For all his achievements, Bernal had many to thank.
“You can’t change the world by yourself,” Bernal said.
The other Service Award was given to a “Friend of SAISD,” the 80/20 Foundation, responsible for bringing CodeHS, a web-based platform developed by Stanford University graduates to teach students how to write computer code, to Highlands High School. The Foundation was formed by Rackspace co-founder and Chairman Graham Weston.
Byrd, filling in for District One Councilman Diego Bernal, honored the 80/20 Foundation, represented by Weston (via video) and Executive Director Lorenzo Gomez. Both spoke about the foundation’s goal to bring increased vitality to the city center, and the importance of STEM education and quality inner city public schools.
Gomez, spinning off a favorite quote of Weston, closed by saying to the teachers present,”You are on a winning team. You are on an inspiring mission. You are valued.”
Finally, district educators were honored with Innovation Awards, much like the Innovation Grants given out during the school year.
Superintendent Perez called each of the eight finalists to the stage. Each finalist received a $500 mini-grant for their school or program.
Four winners were recognized individually.
Traci Smith, principal of Herff Elementary School, took literacy outside the walls of her school with a mobile library program over the summer.
Throughout the school year she utilized support from the SAISD Foundation to fund a Saturday, “Reading with the Principal” program.
“I’ve been here for two years, and in my 30 years working in education, these have been the best,” Smith said.
Paul Perea, music teacher Maverick Elementary School seems to be everywhere on campus. “I’m the trashcan guy. You need a trashcan, I’ll find you one. Whatever you need, I’ll find it,” Perea said.
Music, science, ecology and service are all areas where Perea has enriched the offerings at his school. A grant from the SAISD Foundation allowed him to purchase guitars for a group of interested students, a program which he has since expanded to include parents as a way of improving attendance.
Perea’s school newscast program is getting kids excited about science. focuses on his students’ moral and ethical development as well, teaching them to care for others they meet in the community and out in the world. He takes kids to visit nursing homes with their guitars.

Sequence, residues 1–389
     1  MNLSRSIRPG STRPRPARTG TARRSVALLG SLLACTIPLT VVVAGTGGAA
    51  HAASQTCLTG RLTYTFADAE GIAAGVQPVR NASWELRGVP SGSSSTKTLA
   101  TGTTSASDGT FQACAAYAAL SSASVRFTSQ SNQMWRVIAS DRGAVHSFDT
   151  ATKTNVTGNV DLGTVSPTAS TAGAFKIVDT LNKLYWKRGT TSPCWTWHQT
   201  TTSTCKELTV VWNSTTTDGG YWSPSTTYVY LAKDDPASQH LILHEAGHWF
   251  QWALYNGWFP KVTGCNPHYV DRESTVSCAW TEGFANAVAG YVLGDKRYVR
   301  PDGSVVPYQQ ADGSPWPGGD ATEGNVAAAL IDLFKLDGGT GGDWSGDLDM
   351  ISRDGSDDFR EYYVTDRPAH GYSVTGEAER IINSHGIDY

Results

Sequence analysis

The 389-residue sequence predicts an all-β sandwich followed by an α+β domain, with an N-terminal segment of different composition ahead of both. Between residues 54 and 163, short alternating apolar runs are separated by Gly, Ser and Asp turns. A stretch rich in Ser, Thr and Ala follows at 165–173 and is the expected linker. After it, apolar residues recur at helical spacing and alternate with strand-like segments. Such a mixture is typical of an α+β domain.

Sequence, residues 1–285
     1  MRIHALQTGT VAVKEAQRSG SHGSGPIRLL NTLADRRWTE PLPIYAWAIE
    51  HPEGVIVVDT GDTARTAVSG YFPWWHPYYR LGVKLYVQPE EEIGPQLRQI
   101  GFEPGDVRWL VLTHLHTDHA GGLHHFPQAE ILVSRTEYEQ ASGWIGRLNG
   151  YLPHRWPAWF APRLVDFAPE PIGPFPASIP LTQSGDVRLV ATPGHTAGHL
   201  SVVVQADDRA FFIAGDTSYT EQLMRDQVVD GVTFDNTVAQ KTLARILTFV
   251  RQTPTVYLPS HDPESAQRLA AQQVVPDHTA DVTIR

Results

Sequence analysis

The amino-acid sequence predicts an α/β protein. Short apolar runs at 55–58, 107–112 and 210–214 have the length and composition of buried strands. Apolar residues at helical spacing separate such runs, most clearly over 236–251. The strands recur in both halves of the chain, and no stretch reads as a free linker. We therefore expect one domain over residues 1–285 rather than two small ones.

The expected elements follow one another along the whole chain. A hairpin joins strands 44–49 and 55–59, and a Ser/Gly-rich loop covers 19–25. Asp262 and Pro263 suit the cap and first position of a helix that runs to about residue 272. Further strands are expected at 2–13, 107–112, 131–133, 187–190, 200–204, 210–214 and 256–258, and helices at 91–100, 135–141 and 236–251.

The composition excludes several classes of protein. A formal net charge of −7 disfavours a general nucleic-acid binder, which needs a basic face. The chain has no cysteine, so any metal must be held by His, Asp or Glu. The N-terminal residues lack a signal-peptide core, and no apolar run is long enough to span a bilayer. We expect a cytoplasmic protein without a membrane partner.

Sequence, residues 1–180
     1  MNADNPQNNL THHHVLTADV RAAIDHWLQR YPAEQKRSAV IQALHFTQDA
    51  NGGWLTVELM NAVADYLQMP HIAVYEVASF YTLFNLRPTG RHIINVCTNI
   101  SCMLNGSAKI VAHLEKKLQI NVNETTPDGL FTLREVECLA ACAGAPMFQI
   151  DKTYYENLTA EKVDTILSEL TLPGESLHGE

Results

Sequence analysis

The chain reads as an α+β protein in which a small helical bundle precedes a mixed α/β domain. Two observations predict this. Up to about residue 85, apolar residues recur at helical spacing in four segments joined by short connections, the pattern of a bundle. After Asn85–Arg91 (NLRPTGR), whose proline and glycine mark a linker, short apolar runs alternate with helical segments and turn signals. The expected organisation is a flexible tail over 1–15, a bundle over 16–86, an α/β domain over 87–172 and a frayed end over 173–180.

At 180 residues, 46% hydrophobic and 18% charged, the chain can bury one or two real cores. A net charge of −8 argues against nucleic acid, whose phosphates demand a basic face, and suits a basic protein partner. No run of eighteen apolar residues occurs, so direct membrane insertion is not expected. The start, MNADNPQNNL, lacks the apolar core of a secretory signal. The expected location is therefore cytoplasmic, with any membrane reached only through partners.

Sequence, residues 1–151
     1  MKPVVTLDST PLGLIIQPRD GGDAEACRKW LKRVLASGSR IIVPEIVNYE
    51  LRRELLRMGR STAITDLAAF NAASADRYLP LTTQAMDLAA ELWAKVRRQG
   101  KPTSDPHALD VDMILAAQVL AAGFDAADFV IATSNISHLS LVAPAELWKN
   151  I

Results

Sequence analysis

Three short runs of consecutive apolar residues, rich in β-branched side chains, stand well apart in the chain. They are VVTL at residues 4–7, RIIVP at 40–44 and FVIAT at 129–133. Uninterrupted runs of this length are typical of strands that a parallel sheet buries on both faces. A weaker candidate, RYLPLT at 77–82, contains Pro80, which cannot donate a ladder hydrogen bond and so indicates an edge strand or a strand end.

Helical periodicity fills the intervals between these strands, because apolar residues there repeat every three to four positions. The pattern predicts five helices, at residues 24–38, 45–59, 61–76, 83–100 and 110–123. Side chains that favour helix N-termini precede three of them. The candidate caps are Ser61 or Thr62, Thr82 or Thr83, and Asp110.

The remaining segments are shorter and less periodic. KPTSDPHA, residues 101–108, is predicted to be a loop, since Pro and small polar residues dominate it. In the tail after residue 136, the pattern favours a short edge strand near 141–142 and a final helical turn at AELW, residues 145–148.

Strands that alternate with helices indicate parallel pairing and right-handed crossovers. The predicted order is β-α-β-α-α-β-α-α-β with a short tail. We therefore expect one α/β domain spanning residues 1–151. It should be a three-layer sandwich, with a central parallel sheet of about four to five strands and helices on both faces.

Lawrence Scott is a counselor at Burbank High School who hails from San Antonio’s Eastside and knows what a difference it makes to students when adults believe in them.
Scott helps students create their own music in his studio club, which is now a course taught in the school. Students have become DJ’s, cut their own albums, and updated the school song. Scott is hyperlocal: an honored SAISD educator and alumnus of SAISD and UTSA.
Blanca Gebhart has long been one of the most loved teachers at Bonham Academy. As a dual-language kindergarten teacher she sees the classroom as part community and part playground, encouraging the children to engage their social and creative energies as they encounter new information. Gebhart involves the parents in many ways, creating an environment where students see home and school coming together to support them.
“My inspiration is my students,” Gebhart said.
Before the awards, I asked a representative of a local college readiness program what he thought was needed for high school students to attain college readiness.
“The teachers need to believe in them…” he replied.
Looking around the room, there was no doubt that the teachers not only believed in their students, but were committed to giving them the best.
Bekah is a native San Antonian. She went away to Los Angeles for undergrad before earning her MSc in Media and Communication from the London School of Economics. She made it back home and now works for Ker and Downey. She is one of the founding members of Read the Change, a web-based philanthropy and frequent contributor to the Rivard Report. You can also find her at her blog, Free Bekah.